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  • Bryan W. Alaspa

Scary Insects: The emerald cockroach wasp

The world of insects... so much to truly be afraid of. Of course, most of it is at a very small level and most of the time you, as a full-fledged human being, do not need to worry about little wasps like the one above: the Emerald Cockroach Wasp or jewel wasp. Look at it. It's beautiful, and it's relatively small, and it poses virtually no threat to people unless a person were to grab it and hold it.

If you're a cockroach, though, you would find the emerald cockroach wasp the very stuff of nightmares. If roaches, of course had nightmares.

The Emerald cockroach wasp seeks out a cockroach and then sets about turning that roach into a mindless sort of zombie-slave much like Voodoo priests have been reported to do in some areas of the world. It does this by using an amazing innate ability to sting specific nerve clusters win the roach. These stings accomplish several things;

  1. The first sting stops the roach from trying to run. It paralyzes the front legs so the cockroach will not run.

  2. The second sting into the second nerve cluster will cause the cockroach to stop its normal behavior and act strangely. The roach will engage in excessive grooming behavior and then the roach becomes sluggish and staggers around like it's been on a bender all weekend.

  3. The wasp them chews off parts of the roaches antennae. About half of each antenna gets chewed off which further immobilizes the roach and also allows the wasp some food it can use for the next part.

  4. Using the remaining antennae as a kind of leash, the wasp guides the roach to its burrow. The venom injected has completely overridden the roaches normal flight defense and all of its normal motor functions and now it is the wasp's slave.

  5. Once inside the burrow, the wasp lays an egg on the roach's abdomen and then covers up the entrance of the burrow with small white pebbles. The venom keeps the roach sitting there in an almost semi-comatose state, so the pebbles are more to keep any other nosy predators out than to keep the roach inside.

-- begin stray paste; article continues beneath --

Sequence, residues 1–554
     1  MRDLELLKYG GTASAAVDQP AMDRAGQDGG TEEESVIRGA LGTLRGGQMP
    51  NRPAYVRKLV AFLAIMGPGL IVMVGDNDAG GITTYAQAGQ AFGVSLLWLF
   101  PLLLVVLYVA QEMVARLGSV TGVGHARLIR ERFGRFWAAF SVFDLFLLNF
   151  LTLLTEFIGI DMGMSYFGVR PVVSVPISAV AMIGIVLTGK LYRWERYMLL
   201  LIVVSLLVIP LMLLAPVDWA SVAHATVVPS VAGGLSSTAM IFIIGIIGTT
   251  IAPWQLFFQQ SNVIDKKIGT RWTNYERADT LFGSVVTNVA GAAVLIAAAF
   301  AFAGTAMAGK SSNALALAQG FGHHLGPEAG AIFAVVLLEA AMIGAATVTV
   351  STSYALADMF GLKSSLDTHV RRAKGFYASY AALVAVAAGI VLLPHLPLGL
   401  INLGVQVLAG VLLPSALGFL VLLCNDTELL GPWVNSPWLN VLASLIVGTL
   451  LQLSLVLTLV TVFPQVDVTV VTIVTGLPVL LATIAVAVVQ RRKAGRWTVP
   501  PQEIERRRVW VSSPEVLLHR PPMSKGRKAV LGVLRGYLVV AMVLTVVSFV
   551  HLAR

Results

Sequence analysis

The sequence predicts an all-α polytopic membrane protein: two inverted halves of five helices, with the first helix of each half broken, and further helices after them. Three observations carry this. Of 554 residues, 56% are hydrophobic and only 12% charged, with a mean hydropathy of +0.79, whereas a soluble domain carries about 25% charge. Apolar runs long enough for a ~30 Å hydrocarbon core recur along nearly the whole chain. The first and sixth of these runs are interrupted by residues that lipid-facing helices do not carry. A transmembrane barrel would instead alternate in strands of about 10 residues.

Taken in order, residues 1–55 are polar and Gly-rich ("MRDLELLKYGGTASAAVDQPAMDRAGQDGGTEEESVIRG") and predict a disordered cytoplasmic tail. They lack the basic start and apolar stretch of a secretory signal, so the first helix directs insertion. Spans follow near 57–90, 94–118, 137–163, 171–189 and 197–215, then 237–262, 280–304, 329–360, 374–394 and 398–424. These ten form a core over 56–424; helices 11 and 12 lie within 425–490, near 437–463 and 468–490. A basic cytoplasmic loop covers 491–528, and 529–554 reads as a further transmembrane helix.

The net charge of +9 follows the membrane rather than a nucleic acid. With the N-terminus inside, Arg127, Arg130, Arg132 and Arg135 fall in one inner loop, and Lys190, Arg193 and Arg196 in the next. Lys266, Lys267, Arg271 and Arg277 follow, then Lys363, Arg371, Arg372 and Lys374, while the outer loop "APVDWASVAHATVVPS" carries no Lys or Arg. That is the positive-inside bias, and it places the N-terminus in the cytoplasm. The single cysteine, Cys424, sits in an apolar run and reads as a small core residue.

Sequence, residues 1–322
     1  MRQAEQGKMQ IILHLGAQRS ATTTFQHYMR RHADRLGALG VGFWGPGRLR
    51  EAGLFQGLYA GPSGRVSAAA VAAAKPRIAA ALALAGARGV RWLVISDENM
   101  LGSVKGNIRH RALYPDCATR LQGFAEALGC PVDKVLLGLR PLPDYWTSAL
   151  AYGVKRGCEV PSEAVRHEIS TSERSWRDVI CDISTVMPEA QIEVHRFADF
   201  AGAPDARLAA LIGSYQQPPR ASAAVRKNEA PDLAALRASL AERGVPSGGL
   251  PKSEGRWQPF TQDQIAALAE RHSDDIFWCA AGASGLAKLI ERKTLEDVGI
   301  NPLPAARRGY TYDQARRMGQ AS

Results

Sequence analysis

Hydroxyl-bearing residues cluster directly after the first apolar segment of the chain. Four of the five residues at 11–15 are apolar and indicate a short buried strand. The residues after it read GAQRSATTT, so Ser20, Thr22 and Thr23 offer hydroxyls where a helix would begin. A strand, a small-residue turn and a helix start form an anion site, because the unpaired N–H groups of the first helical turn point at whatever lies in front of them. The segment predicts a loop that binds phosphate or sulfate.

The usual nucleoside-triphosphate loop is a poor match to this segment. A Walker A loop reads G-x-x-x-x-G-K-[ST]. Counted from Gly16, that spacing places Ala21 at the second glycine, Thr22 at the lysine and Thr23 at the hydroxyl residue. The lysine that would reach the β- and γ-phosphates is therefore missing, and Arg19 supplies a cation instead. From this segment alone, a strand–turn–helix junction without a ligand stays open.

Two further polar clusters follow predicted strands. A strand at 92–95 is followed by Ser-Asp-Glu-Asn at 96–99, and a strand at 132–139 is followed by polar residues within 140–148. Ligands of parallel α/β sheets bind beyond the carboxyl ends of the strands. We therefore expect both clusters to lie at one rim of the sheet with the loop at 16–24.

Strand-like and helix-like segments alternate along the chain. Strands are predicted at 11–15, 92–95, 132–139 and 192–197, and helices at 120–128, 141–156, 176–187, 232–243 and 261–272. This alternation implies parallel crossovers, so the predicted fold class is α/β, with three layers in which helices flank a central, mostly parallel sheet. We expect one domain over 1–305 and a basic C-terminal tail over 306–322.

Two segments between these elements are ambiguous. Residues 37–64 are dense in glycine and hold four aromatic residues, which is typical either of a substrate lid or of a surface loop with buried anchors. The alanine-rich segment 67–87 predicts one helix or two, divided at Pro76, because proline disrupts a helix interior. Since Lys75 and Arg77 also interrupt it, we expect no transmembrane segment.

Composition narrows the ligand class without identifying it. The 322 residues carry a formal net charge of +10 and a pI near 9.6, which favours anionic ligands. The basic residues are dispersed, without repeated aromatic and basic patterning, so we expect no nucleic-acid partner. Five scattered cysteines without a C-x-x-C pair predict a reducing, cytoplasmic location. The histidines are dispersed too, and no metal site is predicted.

6. In about three days, the larva hatch out of the egg laid and begins to feed carefully on parts of the cockroach's body to keep it alive. Then it burrows into the roach's abdomen and lives in there, slowly and systematically eating the roach's organs in order for that roach to stay alive.

  7. The wasp larva forms a cocoon and nests within the body of the wasp until it reaches a more mature stage and then the wasp emerges from the roach's body and then from the burrow to go about its routine until it's time for it to mate and then find another hapless and helpless cockroach.

So, imagine if science were to use bio-engineering to create a kind of super-creature that combined elements of spiders, burrowing and parasitic wasps and other creatures to create something truly - evil. Emotionless.


The tourist season is over and winter is on the way. Then a body washes up on shore. A body that says it's from the government facility across the sound at Esther Island. With a storm coming, the citizens of Whittier have to deal with this on their own. They put the body in the basement of the towers, but their doctor wants to find out what killed this man. Was it a disease? How dangerous is it?

Then the horror begins.

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